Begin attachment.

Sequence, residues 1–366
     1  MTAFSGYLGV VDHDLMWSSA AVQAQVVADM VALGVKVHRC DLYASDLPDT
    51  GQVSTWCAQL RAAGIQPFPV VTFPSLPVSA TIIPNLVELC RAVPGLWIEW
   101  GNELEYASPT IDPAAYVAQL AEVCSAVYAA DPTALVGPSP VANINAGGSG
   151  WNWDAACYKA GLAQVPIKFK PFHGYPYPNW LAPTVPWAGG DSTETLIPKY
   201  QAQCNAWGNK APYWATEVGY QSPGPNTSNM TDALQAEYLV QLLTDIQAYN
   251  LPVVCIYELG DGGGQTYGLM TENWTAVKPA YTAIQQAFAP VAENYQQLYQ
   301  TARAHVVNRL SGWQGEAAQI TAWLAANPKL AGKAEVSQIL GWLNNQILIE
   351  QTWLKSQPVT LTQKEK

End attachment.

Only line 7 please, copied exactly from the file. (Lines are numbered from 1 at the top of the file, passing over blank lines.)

   251  LPVVCIYELG DGGGQTYGLM TENWTAVKPA YTAIQQAFAP VAENYQQLYQ